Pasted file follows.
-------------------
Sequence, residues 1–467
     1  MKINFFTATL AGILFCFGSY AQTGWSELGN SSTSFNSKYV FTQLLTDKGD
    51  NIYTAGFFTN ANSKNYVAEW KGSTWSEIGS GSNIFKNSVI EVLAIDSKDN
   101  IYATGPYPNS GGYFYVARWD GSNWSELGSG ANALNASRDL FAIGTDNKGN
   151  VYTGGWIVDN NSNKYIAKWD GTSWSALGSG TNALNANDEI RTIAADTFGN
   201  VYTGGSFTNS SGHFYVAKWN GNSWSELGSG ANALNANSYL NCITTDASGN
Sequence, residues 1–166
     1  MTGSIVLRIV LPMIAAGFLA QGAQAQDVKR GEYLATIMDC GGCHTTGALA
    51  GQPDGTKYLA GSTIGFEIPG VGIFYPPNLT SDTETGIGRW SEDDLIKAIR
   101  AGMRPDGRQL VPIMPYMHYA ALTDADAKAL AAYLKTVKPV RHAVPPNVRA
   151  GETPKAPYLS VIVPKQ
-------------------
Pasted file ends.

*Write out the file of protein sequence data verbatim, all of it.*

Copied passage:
Sequence, residues 1–467
     1  MKINFFTATL AGILFCFGSY AQTGWSELGN SSTSFNSKYV FTQLLTDKGD
    51  NIYTAGFFTN ANSKNYVAEW KGSTWSEIGS GSNIFKNSVI EVLAIDSKDN
   101  IYATGPYPNS GGYFYVARWD GSNWSELGSG ANALNASRDL FAIGTDNKGN
   151  VYTGGWIVDN NSNKYIAKWD GTSWSALGSG TNALNANDEI RTIAADTFGN
   201  VYTGGSFTNS SGHFYVAKWN GNSWSELGSG ANALNANSYL NCITTDASGN
Sequence, residues 1–166
     1  MTGSIVLRIV LPMIAAGFLA QGAQAQDVKR GEYLATIMDC GGCHTTGALA
    51  GQPDGTKYLA GSTIGFEIPG VGIFYPPNLT SDTETGIGRW SEDDLIKAIR
   101  AGMRPDGRQL VPIMPYMHYA ALTDADAKAL AAYLKTVKPV RHAVPPNVRA
   151  GETPKAPYLS VIVPKQ